Ash put down a reoccurring event in his calendar that highlights two days each week he can help me out should I need it. That way, if I am in the middle of setting up an appointment, but know that Ash will be the only one to watch Jai during that appointment, I can schedule it for a day that won’t conflict the most with his work schedule.

Likewise, Ash knows when he’s able to schedule is medical and social events around me because he can see everything on the family and my personal calendars. Once Jai is old enough, he’ll gain access to and control over his own calendar which will sync with ours so he can be responsible for his own activities.

It seems like common sense, but I’ve seen in several different parenting forums about the struggle of maintaining a common calendar between partners and children. It can be hard to set up, but if using a digital platform, easy to maintain.

Read More


Creating a Productive Schedule

Next to maintaining a clean house, having a daily personal schedule helps keep everything running smoothly because I love efficiency.

Ash will tell you that I get annoyed in the store if other customers navigate the aisles inefficiently and interfere with my shopping experience. Likewise, when I feel inefficient in my day-to-day routine, I get frustrated with myself. I am constantly trying to figure out the best way to manage my schedule in order to get the most efficiency and productivity within my day.

Having a toddler makes this doubly difficult because I have to be mindful of his needs and flexible to his own schedule. If he refuses to eat a meal when it’s time to eat, that can throw the day off because I will have to make sure he’s fed when he’s ready an hour later.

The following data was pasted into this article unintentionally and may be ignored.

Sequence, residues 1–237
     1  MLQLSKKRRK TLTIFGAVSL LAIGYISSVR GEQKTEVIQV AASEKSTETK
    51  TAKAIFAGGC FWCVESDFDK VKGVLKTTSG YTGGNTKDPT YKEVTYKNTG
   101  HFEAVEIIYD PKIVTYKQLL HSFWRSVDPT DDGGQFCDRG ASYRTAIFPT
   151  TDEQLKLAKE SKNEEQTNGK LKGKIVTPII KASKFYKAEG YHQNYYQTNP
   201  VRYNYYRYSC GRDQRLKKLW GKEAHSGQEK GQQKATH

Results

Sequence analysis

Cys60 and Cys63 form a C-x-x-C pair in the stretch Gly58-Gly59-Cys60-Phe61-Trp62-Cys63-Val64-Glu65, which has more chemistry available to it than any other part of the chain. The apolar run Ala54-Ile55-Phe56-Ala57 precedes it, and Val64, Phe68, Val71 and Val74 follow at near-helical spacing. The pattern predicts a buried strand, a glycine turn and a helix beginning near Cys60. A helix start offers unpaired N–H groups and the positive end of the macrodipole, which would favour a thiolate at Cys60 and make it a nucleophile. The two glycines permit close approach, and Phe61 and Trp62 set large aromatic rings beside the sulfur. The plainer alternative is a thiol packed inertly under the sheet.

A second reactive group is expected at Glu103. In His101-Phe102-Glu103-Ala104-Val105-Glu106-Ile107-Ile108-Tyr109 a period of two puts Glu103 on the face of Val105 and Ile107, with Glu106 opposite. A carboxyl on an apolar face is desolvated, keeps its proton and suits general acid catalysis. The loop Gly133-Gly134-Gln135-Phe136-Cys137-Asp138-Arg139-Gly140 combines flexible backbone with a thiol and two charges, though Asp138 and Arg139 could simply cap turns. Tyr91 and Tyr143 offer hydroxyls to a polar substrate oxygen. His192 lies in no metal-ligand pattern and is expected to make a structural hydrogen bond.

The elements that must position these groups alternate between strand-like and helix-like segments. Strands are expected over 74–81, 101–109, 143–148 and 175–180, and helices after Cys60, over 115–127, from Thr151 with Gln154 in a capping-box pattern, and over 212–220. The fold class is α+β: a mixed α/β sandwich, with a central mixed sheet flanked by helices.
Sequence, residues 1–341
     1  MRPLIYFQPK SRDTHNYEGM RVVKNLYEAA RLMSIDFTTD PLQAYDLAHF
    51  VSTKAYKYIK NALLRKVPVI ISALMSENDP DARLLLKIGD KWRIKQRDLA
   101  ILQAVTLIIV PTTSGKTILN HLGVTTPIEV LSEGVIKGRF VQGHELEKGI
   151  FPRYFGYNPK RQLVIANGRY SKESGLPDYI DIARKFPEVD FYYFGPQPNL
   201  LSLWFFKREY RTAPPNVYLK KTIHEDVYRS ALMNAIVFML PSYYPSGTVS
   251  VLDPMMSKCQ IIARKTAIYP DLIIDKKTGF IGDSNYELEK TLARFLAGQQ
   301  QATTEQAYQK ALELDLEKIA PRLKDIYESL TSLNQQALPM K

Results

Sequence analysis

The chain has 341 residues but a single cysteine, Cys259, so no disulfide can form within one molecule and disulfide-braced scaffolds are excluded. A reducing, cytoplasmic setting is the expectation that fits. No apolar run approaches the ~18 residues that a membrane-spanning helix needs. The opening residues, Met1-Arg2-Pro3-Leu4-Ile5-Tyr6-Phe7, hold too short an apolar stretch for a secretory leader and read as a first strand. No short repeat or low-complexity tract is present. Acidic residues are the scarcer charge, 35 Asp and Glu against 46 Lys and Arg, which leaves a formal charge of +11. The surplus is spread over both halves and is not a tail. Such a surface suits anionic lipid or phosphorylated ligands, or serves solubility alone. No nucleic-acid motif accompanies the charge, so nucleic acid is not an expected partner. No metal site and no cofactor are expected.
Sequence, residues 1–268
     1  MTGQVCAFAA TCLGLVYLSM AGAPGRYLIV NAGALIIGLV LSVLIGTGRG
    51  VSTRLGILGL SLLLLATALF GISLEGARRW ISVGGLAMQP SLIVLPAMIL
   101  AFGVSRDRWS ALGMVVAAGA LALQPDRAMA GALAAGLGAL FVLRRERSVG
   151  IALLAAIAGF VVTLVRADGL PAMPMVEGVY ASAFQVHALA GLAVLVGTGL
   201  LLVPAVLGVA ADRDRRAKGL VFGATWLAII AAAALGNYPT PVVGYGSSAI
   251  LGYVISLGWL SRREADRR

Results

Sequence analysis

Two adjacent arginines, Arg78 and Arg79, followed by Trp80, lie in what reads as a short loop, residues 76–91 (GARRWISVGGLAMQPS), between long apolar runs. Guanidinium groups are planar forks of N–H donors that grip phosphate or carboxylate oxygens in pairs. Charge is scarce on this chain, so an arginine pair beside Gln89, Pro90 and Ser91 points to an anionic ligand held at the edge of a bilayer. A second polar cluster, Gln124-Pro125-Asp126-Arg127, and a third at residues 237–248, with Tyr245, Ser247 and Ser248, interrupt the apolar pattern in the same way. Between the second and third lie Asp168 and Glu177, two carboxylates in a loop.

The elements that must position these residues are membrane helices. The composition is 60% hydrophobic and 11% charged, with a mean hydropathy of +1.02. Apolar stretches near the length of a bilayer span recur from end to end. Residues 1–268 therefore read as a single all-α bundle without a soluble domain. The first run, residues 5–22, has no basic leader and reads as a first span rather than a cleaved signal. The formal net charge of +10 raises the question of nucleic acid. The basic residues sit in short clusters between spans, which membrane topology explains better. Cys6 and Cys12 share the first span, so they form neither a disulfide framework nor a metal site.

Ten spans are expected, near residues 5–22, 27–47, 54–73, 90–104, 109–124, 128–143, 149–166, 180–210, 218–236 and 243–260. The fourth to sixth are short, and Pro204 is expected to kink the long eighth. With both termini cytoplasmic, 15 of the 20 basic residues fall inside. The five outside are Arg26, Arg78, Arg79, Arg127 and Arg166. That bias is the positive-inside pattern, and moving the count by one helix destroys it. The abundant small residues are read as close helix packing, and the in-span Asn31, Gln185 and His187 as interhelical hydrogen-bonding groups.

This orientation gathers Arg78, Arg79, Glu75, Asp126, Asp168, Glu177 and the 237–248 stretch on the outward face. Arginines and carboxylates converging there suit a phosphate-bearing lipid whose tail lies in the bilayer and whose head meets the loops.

MS & Scheduling

With MS and any chronic illness that has some sort of energy or movement inhibitor, there are a limited amount of hours each day a person has to get things done. Those hours aren’t guaranteed because of the nature of the illness, therefore you have to account for the possibility of spending the day in bed and being okay with that scenario.

I’ve mentioned how important scheduling can be when dealing with children and MS. The key is to be mindful of when I have the most natural energy (un-caffeinated and no early morning exercise), what I want to get done during that period, and how I want to get it done.

My reasoning for this mindfulness:

  1. Knowing my daily natural energy peaks provides a baseline for the most I can expect to get done without any “outside” help. Drinking my morning cup of coffee or going for an early morning run/yoga session give me energy boosts that may not be there every day. If I set my daily goals based on my natural energy when I have days with an energy boost, I feel more productive which might help me get even more done.
  2. MS has forced me to prioritize my life where I have to set 3 major goals for the day during my high-energy periods. The first item is the most important where the third can be pushed back to tomorrow’s top item. Anything on my list that I complete beyond that helps feed the productivity ego boost.
  3. Figuring out how I am going to get something done is equally important. With my MS and a child, simply stating I will sit down and write a bunch of emails doesn’t cut it. I have to squeeze communications in while Jai is asleep or decide to multi-task laundry while I clean the kitchen during nap time.

Additionally, being mindful of my energy valleys is important. I know that around noon I start to get fatigued and after Jai eats lunch I am ready to lay down for a nap or rest between 2 – 4pm. On days where I am out of the house or so busy with a project that I miss my rest means that Ash has to take over parenting as soon as he gets home from work until it’s time to put Jai to bed.